Australia’s Fair Work Ombudsman (FWO) has finalised its two-year-long investigation into ride-sharing giant Uber, determining its drivers are not in an employment relationship with the business.
The FWO launched its investigation in June 2017 to determine if the engagement of Uber drivers was compliant with Commonwealth workplace laws, after it was pressed to do so by a coalition of ride-share drivers who believed the multi-billion-dollar company was flouting workplace law.
However, fair work ombudsman Sandra Parker said in a statement today the watchdog has determined the level of freedom granted to Uber drivers means they can not be classified as employees.
“The weight of evidence from our investigation establishes that the relationship between Uber Australia and the drivers is not an employment relationship,” Parker said.
“For such a relationship to exist, the courts have determined that there must be, at a minimum, an obligation for an employee to perform work when it is demanded by the employer.”
“Our investigation found that Uber Australia drivers are not subject to any formal or operational obligation to perform work.”
This ruling comes after a two-year-long investigation, with the FWO examining numerous pieces of evidence, including driver logs, ABN documents, payment statements and numerous interviews with drivers and Uber Australia employees.
“Uber Australia does not require drivers to perform work at particular times, and this was a key factor in our assessment that the commercial arrangement between the company and the drivers does not amount to an employment relationship,” Parker said.
“As a consequence, the Fair Work Ombudsman will not take compliance action in relation to this matter.”
Lawyers and workplace law experts have long presumed this case would be a bellwether for the broader gig-economy space, affecting other businesses such as Deliveroo and Bolt.
However, Parker said the investigation was related “solely” to Uber Australia and was “not an investigation of the gig economy more generally”, saying the watchdog would continue to assess other issues on a case-by-case basis.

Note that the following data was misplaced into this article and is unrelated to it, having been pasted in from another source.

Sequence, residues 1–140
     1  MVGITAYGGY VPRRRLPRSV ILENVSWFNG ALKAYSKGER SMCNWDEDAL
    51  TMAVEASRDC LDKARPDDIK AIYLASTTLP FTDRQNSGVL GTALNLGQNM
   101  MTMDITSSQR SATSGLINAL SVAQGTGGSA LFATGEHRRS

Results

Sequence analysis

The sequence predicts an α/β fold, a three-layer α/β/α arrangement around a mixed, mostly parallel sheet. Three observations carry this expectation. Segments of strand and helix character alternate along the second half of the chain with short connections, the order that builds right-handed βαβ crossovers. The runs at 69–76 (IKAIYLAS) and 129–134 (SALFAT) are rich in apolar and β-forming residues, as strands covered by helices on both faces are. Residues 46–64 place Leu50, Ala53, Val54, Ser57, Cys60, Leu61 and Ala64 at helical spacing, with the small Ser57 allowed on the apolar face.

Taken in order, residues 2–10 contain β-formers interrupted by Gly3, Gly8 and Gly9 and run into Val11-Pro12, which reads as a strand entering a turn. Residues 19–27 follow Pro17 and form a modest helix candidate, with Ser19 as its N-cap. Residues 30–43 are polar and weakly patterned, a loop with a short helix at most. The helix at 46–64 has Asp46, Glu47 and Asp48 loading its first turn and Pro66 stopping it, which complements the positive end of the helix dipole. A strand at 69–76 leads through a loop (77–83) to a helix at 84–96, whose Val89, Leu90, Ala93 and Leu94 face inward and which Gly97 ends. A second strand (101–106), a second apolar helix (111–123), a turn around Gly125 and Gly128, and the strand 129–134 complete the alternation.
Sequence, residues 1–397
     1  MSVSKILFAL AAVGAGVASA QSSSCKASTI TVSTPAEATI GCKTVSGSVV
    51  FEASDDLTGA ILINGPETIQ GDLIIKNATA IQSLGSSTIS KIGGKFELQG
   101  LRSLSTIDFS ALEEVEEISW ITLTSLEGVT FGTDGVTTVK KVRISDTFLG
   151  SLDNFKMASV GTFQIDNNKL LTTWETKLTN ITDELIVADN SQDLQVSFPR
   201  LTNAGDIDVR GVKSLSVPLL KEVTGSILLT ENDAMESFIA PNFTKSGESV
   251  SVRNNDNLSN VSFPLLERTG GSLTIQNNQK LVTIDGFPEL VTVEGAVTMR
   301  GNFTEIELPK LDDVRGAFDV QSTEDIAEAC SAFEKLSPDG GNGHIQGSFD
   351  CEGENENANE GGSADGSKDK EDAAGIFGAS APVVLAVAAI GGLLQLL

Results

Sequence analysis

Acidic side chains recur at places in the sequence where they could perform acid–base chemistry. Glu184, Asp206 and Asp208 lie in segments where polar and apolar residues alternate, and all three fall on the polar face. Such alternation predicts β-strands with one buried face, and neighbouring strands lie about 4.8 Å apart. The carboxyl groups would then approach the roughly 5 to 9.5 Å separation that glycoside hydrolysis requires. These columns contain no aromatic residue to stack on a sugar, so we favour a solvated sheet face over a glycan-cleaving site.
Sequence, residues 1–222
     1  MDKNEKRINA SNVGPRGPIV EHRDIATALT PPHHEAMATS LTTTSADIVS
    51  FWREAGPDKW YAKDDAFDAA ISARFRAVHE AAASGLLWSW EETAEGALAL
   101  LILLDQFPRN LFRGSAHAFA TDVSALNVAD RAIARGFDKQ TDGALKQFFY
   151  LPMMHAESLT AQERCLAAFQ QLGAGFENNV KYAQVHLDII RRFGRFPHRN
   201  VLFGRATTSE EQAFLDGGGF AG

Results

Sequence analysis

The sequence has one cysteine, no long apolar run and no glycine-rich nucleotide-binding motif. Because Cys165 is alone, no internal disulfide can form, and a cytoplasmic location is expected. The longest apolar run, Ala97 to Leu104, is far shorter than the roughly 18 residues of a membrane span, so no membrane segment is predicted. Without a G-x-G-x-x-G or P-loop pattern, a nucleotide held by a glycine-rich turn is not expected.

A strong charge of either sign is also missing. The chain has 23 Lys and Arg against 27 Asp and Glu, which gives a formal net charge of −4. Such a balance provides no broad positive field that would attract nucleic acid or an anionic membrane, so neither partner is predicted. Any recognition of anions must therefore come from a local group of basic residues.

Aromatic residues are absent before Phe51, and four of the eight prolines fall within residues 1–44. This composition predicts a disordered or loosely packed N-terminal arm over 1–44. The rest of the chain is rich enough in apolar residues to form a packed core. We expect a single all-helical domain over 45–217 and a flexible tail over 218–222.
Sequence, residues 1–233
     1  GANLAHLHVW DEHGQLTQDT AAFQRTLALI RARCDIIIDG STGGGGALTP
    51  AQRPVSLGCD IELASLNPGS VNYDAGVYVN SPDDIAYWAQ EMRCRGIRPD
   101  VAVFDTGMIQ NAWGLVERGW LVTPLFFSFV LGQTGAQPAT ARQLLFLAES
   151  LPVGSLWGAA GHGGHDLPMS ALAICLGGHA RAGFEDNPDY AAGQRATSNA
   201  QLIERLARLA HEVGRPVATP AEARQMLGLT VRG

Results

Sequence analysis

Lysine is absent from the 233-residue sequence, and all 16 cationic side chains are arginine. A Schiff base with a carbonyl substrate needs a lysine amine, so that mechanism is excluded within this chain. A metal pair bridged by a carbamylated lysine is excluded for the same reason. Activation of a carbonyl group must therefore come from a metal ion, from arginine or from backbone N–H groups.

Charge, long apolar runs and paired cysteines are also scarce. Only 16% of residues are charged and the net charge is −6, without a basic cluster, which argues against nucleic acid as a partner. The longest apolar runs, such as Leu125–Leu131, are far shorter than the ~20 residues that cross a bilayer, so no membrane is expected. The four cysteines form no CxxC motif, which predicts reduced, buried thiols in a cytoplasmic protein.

Speaking to SmartCompany, principal lawyer at McDonald Murholme Andrew Jewell says while the FWO might be able to claim the ruling “technically” has no broader effect on the gig economy, in reality that’s not the case.
“Realistically, everyone was waiting on the decision as a decision on the gig economy,” he says.
Jewell believes other gig economy businesses will now be emboldened with their business models, and with the FWO ruling this way it could be bad news for Uber drivers in Australia.
“Uber now has the right to dictate their terms to drivers and those drivers have no protections, there is no safety net,” he says.
“While this might have prevented Uber and other operators from exploiting their drivers in the past, now what’s stopping them from pushing their rates down even further?”
In a statement, Uber Australia said it welcomed the FWO’s findings, saying their drivers value the “freedom of being their own boss”.
“We believe that being your own boss does not need to come at the expense of security and support in work. Uber believes that everyone should have access to a set of affordable and reliable social protections, whatever category of employment they are in,” a spokesperson for the company said.
“We want to work with governments and the community to ensure Australians can access independent and flexible earning opportunities, without limiting their access to the support and security they deserve.”
Uber recently raised $US8.1 billion ($116 billion) in an IPO on May 10, valuing the company at about US$70 billion. The company’s share price has had a rocky ride, however, initially plunging after its listing, but slowly regaining its footing to stay above its listing price in recent days.
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